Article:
The past week has seen investors in Research in Motion (RIM) heading for the door with a wild look in their eyes, breathing hard with their ears pinned back. 

The share price of RIM has plummeted over 50% since the beginning of 2011; a trend that has accelerated recently because of the brickbats thrown at the new BlackBerry tablet by reviewers, the fact that no new smartphone product/update has been announced, and, a drop in earnings. 

RIM is No. 3 in the smartphone market behind Apple and the Google-platform Android platform smartphones, but that spot is looking more and more tenuous everyday as RIM continues to lose market share. Comscore says RIM’s market share in the smartphone sector has taken a massive dive from 40% in 2010 to the current 26%. And, BlackBerry sales last quarter have experienced their first quarterly drop in sales since 2005. Lastly, the market cap of RIM now sits at $14 billion USD, down from $80 billion a scant 36 months ago. 

Would-be usurpers HP Palm and Nokia are waiting in the wings as RIM continues its descent into market Hell. There are some others as well, but they’re dark horses at this point, and HP’s reborn Palm unit and Nokia’s phone business are the main belligerents vying for RIM’s third-place spot. 

The fact that RIM has fallen and can’t get up is bad enough by itself, but there are also serious doubts as to whether the senior management at the company, recently beset by resignations, is robust enough to pull off a turnaround. There is also the lingering question of whether the two CEOs (not a misprint; two people “share” CEO duties) have realized just how dire things are, since they seem to be sleepwalking these days and not as concerned about the urgency of the situation as they ought to be. Will the company come out of its stupor early enough to save itself from being relegated to a niche business? 

Because there are some things they could do. They could: 

  • Exploit their leadership position abroad – BlackBerry is very, very popular overseas. 
  • Open up their secure server enterprise platform by renting space on it to other providers. That platform is what closes the deal for corporate IT chiefs when they’re deciding what smartphones to allow at work. Talk about some fee-based income.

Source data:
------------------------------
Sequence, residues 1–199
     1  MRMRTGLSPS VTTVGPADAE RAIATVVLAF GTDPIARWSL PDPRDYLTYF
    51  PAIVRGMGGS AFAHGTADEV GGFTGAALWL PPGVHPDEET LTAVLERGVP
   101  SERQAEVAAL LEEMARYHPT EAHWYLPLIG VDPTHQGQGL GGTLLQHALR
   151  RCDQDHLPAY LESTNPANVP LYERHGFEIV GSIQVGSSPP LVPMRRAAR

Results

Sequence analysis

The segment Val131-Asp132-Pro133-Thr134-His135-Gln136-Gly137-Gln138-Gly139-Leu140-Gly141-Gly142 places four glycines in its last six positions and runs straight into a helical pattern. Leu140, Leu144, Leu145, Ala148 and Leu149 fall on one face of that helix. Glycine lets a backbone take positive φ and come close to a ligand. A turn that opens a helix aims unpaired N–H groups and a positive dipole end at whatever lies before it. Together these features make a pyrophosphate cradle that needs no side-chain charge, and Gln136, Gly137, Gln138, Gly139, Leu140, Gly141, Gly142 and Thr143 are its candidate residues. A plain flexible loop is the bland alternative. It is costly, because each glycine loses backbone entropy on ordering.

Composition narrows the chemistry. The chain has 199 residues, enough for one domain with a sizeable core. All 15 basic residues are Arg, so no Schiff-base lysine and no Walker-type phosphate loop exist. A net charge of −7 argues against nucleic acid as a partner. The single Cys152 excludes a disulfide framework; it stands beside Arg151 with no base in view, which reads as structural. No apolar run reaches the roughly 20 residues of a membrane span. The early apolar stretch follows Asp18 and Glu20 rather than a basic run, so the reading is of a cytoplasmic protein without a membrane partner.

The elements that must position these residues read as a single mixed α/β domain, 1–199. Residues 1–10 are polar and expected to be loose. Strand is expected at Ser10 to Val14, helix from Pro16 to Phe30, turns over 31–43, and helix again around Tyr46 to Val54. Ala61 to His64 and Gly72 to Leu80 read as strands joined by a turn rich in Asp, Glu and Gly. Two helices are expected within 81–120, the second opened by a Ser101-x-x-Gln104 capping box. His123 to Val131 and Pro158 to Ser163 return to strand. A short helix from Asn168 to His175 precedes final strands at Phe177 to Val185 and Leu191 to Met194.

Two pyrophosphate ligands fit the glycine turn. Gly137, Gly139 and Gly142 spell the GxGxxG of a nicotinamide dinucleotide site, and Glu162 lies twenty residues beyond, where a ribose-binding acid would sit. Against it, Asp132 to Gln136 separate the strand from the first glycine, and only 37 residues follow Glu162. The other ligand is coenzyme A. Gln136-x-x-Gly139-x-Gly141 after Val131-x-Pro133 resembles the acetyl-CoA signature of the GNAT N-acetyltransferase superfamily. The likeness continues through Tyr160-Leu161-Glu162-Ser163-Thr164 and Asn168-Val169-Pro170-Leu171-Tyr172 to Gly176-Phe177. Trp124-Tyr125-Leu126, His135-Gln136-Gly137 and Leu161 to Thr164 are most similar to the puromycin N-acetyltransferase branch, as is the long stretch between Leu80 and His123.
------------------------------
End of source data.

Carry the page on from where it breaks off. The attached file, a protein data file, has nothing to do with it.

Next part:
• Take a broom to the senior management ranks and get a single CEO. 
  • Make it as easy as possible for application developers to riff off of the platform, and go on a corporate charm offensive to convince them to do so. RIM’s efforts so far in this area are laughably inadequate – there are around 20,000 applications for the BlackBerry platform compared to 350,000 for Apple’s iPhone and around 200,000 for the Android-based phones. 
  • Focus more on features consumers will love. Business users are consumers, too, and it sure wouldn’t hurt. 
  • The new QNX platform looks good, so why not change every product over right now, thereby making sure every BlackBerry product has no need to apologize for its technology shortcomings? 
  • Spend more money marketing to consumers. 

But, whatever they do, they’re going to need to do it soon. One of the things left unsaid so far is that RIM’s weakened state makes it a prime acquisition target. Google could buy them tomorrow, and convert everything over to Android. Microsoft, who has been trying to crack the code on the smartphone sector for awhile, could do the same thing, except they would convert BlackBerry to the new Microsoft operating system, which would also dovetail nicely with BlackBerry’s core business users. 

The clock is ticking…

Brendan Moore is a Principal Consultant with Business Turnaround Specialists, a management consulting practice based in the Washington, DC area, where he advises businesses in rebirth and rejuvenation. Business Turnaround Specialists can be found at